C. Notify the Wisconsin Employment Relations Commission in writing within 20 days of the date of this Order as to what steps have been taken to comply herewith.

Given under our hands and seal at the City of Madison, Wisconsin this 24th day of July, 2001.

WISCONSIN EMPLOYMENT RELATIONS COMMISSION

James R. Meier, Chairperson

Henry Hempe, Commissioner

Paul A. Hahn, Commissioner

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APPENDIX "A"

NOTICE TO ALL EMPLOYEES

Pursuant to an order of the Wisconsin Employment Relations Commission, and in order to effectuate the policies of the Municipal Employment Relations Act, we hereby notify our employees that:

WE WILL NOT violate our duty to bargain with the Northeast Wisconsin Technical College Faculty Association by refusing to provide the Association with information that is relevant to and reasonably necessary for the Association to administer the terms of the collective bargaining agreement between the College and the Association.

WE WILL provide the Association with a copy of the Diaz report so that the Association can administer the bargaining agreement as to A_ and M_ grievances.

____________________________________ _ ___________

Northeast Wisconsin Technical College Date

THIS NOTICE MUST REMAIN POSTED FOR THIRTY (30) DAYS FROM THE DATE HEREOF AND MUST NOT BE ALTERED, DEFACED OR COVERED BY ANY OTHER MATERIAL.

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MEMORANDUM ACCOMPANYING

ORDER AFFIRMING IN PART AND REVERSING IN PART EXAMINER'S FINDINGS OF FACT, CONCLUSION OF LAW AND ORDER

The Pleadings

In its complaint, the Association asserts that the College denied it access to a report that is relevant and necessary for the Association to represent two employees in pending grievance arbitration matters and thereby violated Secs. 111.70(3)(a)1, 2 and 4, Stats.

In its answer, the College admits denying the Association access to the entire report but contends that the entire report is not relevant and necessary to the Association's ability to represent the two employees and that the confidentiality of the report needs to be maintained to preserve the College's ability to effectively investigate harassment complaints in a manner that preserves the confidentiality of informants, complainants and witnesses. Thus, the College denies that it violated Secs. 111.70(3)(a)1, 2 or 4, Stats.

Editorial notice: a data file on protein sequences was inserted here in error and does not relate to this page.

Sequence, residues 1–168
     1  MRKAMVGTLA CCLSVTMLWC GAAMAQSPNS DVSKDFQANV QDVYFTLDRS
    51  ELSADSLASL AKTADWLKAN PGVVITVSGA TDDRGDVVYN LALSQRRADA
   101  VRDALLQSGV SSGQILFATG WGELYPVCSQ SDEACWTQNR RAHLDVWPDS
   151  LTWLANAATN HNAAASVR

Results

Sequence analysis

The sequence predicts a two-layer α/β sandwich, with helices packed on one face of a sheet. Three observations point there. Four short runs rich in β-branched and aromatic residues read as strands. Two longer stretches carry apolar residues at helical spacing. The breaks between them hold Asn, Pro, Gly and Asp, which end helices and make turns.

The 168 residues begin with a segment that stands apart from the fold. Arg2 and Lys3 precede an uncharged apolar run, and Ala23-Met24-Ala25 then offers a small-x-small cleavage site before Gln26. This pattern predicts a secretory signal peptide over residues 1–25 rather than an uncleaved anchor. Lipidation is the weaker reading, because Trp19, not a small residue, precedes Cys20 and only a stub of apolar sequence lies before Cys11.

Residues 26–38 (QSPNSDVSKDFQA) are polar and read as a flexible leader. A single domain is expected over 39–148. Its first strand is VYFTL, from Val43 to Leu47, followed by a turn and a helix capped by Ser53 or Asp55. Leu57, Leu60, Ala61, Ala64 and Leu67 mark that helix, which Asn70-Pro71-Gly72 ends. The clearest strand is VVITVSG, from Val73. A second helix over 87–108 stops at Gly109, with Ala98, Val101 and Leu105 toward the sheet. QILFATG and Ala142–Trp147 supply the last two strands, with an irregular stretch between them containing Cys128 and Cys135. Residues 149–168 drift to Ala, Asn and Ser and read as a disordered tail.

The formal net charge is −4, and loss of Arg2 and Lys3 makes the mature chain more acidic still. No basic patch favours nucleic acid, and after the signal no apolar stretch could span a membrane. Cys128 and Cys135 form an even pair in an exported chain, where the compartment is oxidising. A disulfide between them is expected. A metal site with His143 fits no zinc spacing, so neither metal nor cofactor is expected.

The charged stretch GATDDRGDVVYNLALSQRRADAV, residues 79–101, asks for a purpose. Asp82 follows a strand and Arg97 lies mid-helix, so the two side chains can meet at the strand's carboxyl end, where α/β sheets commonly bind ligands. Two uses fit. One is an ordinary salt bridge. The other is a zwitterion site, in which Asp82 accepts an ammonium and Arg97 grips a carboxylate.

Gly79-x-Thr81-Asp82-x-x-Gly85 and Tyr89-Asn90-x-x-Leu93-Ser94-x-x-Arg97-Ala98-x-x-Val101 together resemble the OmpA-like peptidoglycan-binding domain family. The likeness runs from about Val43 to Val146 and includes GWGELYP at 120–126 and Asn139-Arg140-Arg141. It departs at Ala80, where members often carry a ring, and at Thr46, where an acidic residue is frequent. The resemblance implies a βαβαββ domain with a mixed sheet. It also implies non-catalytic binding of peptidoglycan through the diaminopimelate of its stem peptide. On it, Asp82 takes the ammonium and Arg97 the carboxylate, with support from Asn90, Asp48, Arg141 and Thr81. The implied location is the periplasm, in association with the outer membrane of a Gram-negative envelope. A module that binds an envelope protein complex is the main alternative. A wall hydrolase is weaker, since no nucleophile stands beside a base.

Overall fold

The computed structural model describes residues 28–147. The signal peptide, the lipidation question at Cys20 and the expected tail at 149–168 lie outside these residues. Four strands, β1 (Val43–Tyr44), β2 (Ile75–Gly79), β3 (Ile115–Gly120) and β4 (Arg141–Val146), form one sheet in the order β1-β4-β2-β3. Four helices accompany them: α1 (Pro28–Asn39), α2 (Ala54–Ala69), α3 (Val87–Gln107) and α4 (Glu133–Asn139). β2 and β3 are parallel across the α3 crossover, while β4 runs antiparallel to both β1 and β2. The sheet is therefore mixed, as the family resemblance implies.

The Examiner's Decision

The Examiner concluded that the Association was not entitled to access the entire report because the Association had received the only portions of the report used by the College when deciding to discipline the two employees in question. In reaching her conclusion, the Examiner further determined that: (1) in the pages of the report that were provided to the Association, the two employees admitted engaging in the conduct that led to their discipline; and (2) the only issue in the pending grievance arbitration cases is the level of discipline that is appropriate.

Given her conclusion that the entire report was not relevant and reasonably necessary, the Examiner did not need to address the College's concerns about the confidentiality of the report. She did determine that the College had not waived any such concerns by distributing the report among College managers.

Given all of the foregoing, the Examiner dismissed the complaint.

POSITIONS OF THE PARTIES ON REVIEW

The Association argues that the Examiner committed errors of fact and law and thus should be reversed.

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The Association contends that the entire report is relevant and necessary for it to administer the parties' collective bargaining agreement as to the A_ and M_ grievance arbitration matters. Without the entire report, the Association alleges that it cannot: (1) identify any relevant information it may need to process the grievances; (2) have full knowledge of the reasons for the employer's action and thereby be able to assess whether the employer acted appropriately; and (3) satisfy its duty of fair representation to the employees. Particularly under the "discovery-type" standard that should have been but was not applied by the Examiner, the Association argues that the report is clearly relevant and necessary.

The Association asserts that the College has not presented any legitimate confidentiality concerns that would override its right to receive the report. The Association argues that the report does not identify employees by name and notes that the identity of the complaining employee is known.

Given all of the foregoing, the Association asks that the Examiner be reversed and the report provided to it.

The College

The College urges affirmance of the Examiner.

DISCUSSION

In Moraine Park VTAE, Dec. No. 26859-B (WERC, 8/93) and Madison Metropolitan School District, Dec. No. 28832-B (WERC, 9/98), the Commission set forth the following general statement of the law applicable to the duty to furnish information: